Every IT service is created and hosted in a data center – and that is unlikely to change. If we examine the supply chain for a typical IT service, e.g., a CRM application, we see that it is created by an application team as a managed service (“M-APP”) and delivered to an end user. In order to create that managed service, the application team requires a preconfigured database, which is usually sourced as a managed database (“M-DB”) from a database team, i.e., the application team is itself an (internal) customer. Similarly, in order to create the database, the database team sources a preconfigured server as a managed OS service (“M-OS”) from a server team. The server team sources its physical server infrastructure either as an external service from a data center provider or as a managed server (“M-SRV”) from an internal data center. Each team in the chain that creates the finished service (in this case, a CRM application) are both customers and suppliers. They also have to provide their service in the most efficient and standardized way.

In other words, there is a customer/supplier relationship between all adjacent participants and there are SLAs/OLAs, costings, and pricing for their respective services. The key factors influencing the end-product delivered by an IT or infrastructure service provider are therefore not only the business service itself but also goal-optimized management of the entire service delivery chain, including the relevant deliverables from the various internal and external suppliers. The structuring, transparency, and management of this chain offer considerable scope for improving efficiency, agility, and quality. The service delivery chain also represents the IT value creation chain through which the business service is provided.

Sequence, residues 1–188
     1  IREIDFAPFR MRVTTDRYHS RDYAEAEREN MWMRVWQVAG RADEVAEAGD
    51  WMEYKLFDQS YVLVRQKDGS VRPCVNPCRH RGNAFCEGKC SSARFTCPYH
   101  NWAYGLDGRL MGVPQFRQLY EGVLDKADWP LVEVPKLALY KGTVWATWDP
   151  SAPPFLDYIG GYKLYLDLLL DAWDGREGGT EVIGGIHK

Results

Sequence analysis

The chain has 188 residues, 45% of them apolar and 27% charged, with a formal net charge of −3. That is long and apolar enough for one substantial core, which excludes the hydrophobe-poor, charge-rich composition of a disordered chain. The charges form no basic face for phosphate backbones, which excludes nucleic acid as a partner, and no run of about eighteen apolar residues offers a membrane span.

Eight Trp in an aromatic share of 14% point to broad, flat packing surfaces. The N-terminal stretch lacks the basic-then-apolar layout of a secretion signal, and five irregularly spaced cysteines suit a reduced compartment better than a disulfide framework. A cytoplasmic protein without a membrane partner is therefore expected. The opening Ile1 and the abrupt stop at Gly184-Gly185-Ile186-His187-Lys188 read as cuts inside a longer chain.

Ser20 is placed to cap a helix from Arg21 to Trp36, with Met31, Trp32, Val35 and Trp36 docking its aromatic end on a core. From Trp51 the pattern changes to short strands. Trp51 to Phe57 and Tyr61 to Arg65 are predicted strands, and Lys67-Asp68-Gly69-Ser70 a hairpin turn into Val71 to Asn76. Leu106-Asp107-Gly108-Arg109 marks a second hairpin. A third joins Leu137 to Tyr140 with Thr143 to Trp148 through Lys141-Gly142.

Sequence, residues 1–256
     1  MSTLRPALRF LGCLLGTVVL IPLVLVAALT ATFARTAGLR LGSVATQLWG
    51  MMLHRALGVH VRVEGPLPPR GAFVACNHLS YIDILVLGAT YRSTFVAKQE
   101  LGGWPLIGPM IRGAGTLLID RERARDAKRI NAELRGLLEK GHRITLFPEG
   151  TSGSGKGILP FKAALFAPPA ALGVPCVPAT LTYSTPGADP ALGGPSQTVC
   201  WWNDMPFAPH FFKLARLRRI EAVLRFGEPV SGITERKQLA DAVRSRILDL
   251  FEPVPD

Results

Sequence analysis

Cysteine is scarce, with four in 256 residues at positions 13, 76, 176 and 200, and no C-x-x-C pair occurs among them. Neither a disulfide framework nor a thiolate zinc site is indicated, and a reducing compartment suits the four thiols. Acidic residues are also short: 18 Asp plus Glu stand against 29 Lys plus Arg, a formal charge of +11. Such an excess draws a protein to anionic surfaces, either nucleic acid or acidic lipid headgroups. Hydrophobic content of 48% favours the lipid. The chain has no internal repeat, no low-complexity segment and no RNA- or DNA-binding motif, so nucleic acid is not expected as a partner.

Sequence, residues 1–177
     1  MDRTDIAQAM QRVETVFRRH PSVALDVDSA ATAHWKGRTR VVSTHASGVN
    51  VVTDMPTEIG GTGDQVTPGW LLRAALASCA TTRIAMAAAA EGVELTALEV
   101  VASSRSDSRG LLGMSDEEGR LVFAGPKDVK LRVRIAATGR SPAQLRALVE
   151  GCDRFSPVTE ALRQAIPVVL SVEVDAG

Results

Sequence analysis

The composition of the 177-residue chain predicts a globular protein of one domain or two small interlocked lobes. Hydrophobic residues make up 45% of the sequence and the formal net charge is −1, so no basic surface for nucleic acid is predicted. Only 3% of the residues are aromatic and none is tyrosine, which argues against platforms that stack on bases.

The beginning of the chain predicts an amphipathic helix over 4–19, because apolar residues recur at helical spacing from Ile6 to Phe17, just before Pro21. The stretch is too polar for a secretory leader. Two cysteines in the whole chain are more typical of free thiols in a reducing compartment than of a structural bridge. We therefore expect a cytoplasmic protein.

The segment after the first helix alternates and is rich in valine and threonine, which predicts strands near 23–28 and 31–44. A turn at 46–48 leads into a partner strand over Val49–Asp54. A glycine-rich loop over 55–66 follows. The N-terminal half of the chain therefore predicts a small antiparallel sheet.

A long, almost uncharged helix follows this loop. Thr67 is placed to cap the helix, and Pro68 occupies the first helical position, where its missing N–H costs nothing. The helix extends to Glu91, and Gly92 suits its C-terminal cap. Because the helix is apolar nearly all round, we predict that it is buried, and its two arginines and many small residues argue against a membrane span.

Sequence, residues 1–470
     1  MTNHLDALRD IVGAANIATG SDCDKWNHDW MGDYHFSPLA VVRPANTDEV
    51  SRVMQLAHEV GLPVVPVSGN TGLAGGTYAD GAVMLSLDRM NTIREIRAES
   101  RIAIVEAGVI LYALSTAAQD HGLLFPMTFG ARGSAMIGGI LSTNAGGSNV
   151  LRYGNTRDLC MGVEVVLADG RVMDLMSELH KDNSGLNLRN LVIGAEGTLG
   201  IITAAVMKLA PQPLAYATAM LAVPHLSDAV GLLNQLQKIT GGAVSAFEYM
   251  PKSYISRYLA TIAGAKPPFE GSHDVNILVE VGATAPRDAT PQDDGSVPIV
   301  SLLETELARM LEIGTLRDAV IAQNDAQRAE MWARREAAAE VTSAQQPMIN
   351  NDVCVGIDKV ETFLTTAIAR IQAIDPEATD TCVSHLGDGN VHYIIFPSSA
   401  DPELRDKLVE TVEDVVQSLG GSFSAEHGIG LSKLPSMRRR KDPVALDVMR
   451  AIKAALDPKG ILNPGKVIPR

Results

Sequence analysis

Value-driven service management can already be found in a number of other sectors, such as the automotive industry. Car companies have spent years developing cost-efficient solutions for industrialized production with manageable levels of complexity. Today, these solutions are highly sophisticated and successfully deployed. The basic principles of industrial production are now being transferred and applied to the industrialization of IT. The most important of these principles are standardization of processes and products, modularization, and increased outsourcing to allow a focus on core competencies.

While the IT Infrastructure Library (ITIL) – the de facto international standard in IT service management – has made enormous progress with regard to standardization of processes, the industrialization of IT services is still very much in its infancy. Industrialization requires the breaking down of standard services into their constituent parts (modularization) and the integration of external service providers (outsourcing and focus on core competencies), i.e., the basic prerequisites for value-driven service management.

This trend has already been documented by technology analysts at Gartner and 451 Research. They have also identified the necessary tools, i.e., a combination of DCIM software and IT service management (ITSM) solutions. According to Gartner analysts April Adams and Federico De Silva, the ability to combine a DCIM solution with existing change management or integrate with ITSM software will soon be a key requirement among data center operators who want greater value from their DCIM solution. In particular, that value includes the ability to generate work orders and semi-automated workflows from within the software in support of all installation processes, as well as moves, adds, and changes, while providing detailed instructions for the technician. A typical work order indicates the rack and rack position where a device is to be installed, specifies the devices and ports it will be connected to (e.g., power, LAN, and cables), and links to the relevant applications and/or services, which may be provided from a server in the data center. Rhonda Ascierto, an analyst at 451 Research, has gone one step further, identifying a transition to integrated data center service optimization (DCSO). DCSO expands the scope of DCIM beyond the physical infrastructure to include logical and virtual resources and thus enables end-to-end data center management processes, including income/cost analysis and planning data center services.